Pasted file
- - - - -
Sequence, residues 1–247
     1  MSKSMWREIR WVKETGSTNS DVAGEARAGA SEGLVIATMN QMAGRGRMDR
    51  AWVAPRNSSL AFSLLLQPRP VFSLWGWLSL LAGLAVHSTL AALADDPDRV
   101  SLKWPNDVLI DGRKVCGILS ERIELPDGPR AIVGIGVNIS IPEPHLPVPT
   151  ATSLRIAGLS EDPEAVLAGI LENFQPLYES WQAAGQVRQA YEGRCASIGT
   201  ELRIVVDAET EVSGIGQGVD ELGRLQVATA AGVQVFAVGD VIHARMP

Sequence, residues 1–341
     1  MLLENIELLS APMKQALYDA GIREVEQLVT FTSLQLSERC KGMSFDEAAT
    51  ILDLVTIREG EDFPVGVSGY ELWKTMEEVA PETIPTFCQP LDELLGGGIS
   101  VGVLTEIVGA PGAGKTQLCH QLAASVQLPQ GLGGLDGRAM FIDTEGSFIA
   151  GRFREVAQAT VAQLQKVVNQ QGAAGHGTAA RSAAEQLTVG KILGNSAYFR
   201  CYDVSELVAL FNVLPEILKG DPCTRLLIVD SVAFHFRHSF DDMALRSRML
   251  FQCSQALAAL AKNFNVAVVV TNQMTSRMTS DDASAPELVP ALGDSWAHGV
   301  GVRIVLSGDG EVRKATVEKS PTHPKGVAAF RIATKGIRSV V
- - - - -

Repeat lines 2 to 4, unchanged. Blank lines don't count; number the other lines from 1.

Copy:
     1  MSKSMWREIR WVKETGSTNS DVAGEARAGA SEGLVIATMN QMAGRGRMDR
    51  AWVAPRNSSL AFSLLLQPRP VFSLWGWLSL LAGLAVHSTL AALADDPDRV
   101  SLKWPNDVLI DGRKVCGILS ERIELPDGPR AIVGIGVNIS IPEPHLPVPT